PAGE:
“Oh, I’ve never felt that way myself. I control what I can, and that’s quite enough for me. When it isn’t enough, I reach for more, and I get it. That comes naturally to me, and I understand it in others.

“But you…I was curious as to how you make your way, Lenny. Because for the life of me, you don’t seem to have a role in all this. You don’t belong here. You’re an extra. You’re surplus.”

“Look,” I half-shouted, “I came here to do a job. And too bad for Stan and too bad for me, but I got a reason for being here.”

“Had. You had a reason for being here, and that reason is now moot.”

“And now I got other reasons.”

“The police? You can’t be serious, Lenny. Think about it, please: you’re not exactly a credible witness to…anything. You skipped out halfway through an interview with a detective, maybe with the FBI. If anything, they may want to bring you in for wasting their time earlier today. Your face is known to the police force in this town, and it is not trusted.

“I’ll give you this, Lenny: you know your place. You have no role in this drama, and yet you’re inventing a part. That’s not lost on me. I appreciate it.

“For example, you haven’t sought to move things forward by making some clumsy gesture like seizing the wheel from me or attacking me physically. Those ideas must have occurred to you, and you rejected them. I admire that.”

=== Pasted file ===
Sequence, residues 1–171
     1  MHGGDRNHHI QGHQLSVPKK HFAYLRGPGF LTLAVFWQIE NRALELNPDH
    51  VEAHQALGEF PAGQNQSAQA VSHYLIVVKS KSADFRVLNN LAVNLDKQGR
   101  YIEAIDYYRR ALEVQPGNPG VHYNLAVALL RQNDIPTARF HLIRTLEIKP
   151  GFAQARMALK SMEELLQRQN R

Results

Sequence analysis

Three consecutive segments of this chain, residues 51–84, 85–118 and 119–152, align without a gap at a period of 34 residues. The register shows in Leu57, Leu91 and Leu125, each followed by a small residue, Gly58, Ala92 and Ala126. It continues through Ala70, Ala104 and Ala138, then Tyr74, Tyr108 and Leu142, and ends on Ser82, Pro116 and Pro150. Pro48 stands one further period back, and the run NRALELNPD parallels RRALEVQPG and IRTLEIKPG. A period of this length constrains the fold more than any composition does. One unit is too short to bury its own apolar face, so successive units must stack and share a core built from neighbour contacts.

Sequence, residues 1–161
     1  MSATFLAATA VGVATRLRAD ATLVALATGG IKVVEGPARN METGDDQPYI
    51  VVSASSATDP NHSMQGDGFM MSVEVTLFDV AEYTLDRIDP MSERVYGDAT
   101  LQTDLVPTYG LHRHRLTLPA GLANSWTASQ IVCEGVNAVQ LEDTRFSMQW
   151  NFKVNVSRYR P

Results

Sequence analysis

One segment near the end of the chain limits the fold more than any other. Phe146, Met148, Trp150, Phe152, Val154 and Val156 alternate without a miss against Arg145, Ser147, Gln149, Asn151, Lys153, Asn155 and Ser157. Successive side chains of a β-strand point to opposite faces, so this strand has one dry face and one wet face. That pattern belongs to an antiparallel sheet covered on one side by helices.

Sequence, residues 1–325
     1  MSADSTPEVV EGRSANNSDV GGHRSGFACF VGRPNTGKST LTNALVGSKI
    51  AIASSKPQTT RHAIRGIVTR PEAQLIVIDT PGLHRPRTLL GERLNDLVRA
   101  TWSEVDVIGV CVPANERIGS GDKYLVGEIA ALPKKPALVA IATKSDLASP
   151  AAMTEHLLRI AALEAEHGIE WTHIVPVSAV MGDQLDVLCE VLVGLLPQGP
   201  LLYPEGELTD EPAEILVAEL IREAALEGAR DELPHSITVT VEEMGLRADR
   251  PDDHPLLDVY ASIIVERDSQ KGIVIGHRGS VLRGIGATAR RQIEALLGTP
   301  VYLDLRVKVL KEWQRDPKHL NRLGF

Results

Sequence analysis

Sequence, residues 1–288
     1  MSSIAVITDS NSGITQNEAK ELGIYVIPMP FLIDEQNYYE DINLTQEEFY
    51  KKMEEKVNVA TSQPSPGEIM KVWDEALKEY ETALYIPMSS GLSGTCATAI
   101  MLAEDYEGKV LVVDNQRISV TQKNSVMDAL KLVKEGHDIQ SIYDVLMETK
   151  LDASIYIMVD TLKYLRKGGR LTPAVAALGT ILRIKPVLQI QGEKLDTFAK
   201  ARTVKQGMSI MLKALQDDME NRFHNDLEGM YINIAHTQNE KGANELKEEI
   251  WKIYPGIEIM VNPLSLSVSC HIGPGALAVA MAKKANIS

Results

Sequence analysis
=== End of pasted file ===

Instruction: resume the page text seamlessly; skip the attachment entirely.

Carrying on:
“Only because of Carol.”

Edward laughed. “You’re a loyal chump, Lenny. I admire that, too. Carol? I’m not so sure.”

“Meaning?”

“You should talk to your girlfriend. If. You see her again.”

“You hurt Carol, you kill her, and you’re gonna force my hand, Doc.”

“I wouldn’t dream of it. I’m not a killer, Lenny. John killed your partner, you guessed that.”

“And the other guys who-“

“The police reports suggested that they killed each other, no?”

I snorted.

“The reports told the truth this time, Lenny.”

“Like hell. Those were loyal soldiers. Those were stand-up guys, you fucking-“

“Language! I didn’t kill those men, Lenny. I disarmed them, as I disarmed Stanley and then yourself. Then I talked to them. And when I gave them back their weapons, nature took its course.”

We drove in silence for a while. Edward seemed to be avoiding traffic lights, turning off onto small streets just before busy intersections.

“I’m not a killer. But you should know that I’m willing to learn. Stanley’s gun is with me, and I’ll get to it before you do.”

I’d been watched all along. Even when I ditched Stan’s piece.

“Don’t be so surprised, Lenny. Remember your first episode? Heavy-handed of me, and for the record, while you ought to exercise more, you didn’t have an infarction. I just needed to work on you a bit, and Stanley agreed to help me do that.

“They microchip dogs these days, they give children positioning devices. I needed to manage you, and when I noticed that you were approaching the police station, I did keep my eye on you.”